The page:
MEMBER PROFILE

Helping keep the tie strong: John Habermann

Editor's Note: This month's Member Profile features John Habermann, P.E., Research Engineer, Indiana Local Technical Assistance Program (LTAP), Purdue University, West Lafayette, Indiana; former member of APWA's Education Advisory Committee (2002-04), Congress Program Review Committee (2001-02); 2001 North American Snow Conference Co-Chair; and presenter, 2006 North American Snow Conference.

Tell us about your background: I was born and raised in San Antonio, Texas. I went to Texas A&M University where I received my bachelor's degree in civil engineering in 1992. I received my master's degree in civil engineering from Purdue University in 1994, specializing in transportation and bituminous materials. After four years in the consulting field, I returned to the Civil Engineering Department at Purdue and joined the Indiana LTAP Center as the Research Engineer.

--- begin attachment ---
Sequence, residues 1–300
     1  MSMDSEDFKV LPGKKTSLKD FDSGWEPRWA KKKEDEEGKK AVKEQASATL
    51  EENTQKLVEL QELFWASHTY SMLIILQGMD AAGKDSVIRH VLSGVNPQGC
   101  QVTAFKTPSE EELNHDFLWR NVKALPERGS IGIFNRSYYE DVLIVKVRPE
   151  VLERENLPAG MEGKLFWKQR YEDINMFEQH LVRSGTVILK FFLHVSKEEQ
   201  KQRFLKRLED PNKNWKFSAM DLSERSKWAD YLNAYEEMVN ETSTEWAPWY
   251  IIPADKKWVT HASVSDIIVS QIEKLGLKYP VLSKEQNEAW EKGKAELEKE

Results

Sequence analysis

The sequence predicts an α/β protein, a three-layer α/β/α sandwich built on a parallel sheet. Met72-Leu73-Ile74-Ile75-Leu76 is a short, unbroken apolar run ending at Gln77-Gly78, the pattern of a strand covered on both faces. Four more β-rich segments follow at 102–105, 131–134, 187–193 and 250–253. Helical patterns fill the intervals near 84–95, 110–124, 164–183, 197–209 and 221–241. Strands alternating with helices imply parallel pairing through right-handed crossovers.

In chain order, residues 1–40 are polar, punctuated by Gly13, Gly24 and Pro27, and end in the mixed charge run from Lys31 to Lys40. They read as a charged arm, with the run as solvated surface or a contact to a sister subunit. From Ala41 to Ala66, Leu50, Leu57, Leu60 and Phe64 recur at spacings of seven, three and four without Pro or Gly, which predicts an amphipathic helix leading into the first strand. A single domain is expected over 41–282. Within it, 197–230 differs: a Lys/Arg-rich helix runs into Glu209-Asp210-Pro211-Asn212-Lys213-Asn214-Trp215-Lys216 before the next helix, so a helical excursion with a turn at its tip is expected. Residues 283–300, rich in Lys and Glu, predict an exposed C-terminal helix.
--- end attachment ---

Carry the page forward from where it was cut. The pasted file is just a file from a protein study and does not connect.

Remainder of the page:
Favorite Movie: Remember the Titans, Radio, Miracle, and Friday Night Lights. The ones that I have enjoyed go back in time or feature some event or time period that happened to be a pinnacle in someone's life or had an effect on a group of people.

Hobbies/Interests: I enjoy ordering raw coffee beans and roasting them myself...taking a bean and roasting it to varying degrees of darkness and seeing how it turns out, and being able to get good beans from around the world. A part of the coffee roasting means you have to brew a cup of coffee, so I love having conversations over a cup of coffee with people. I also enjoy journaling and I like college football.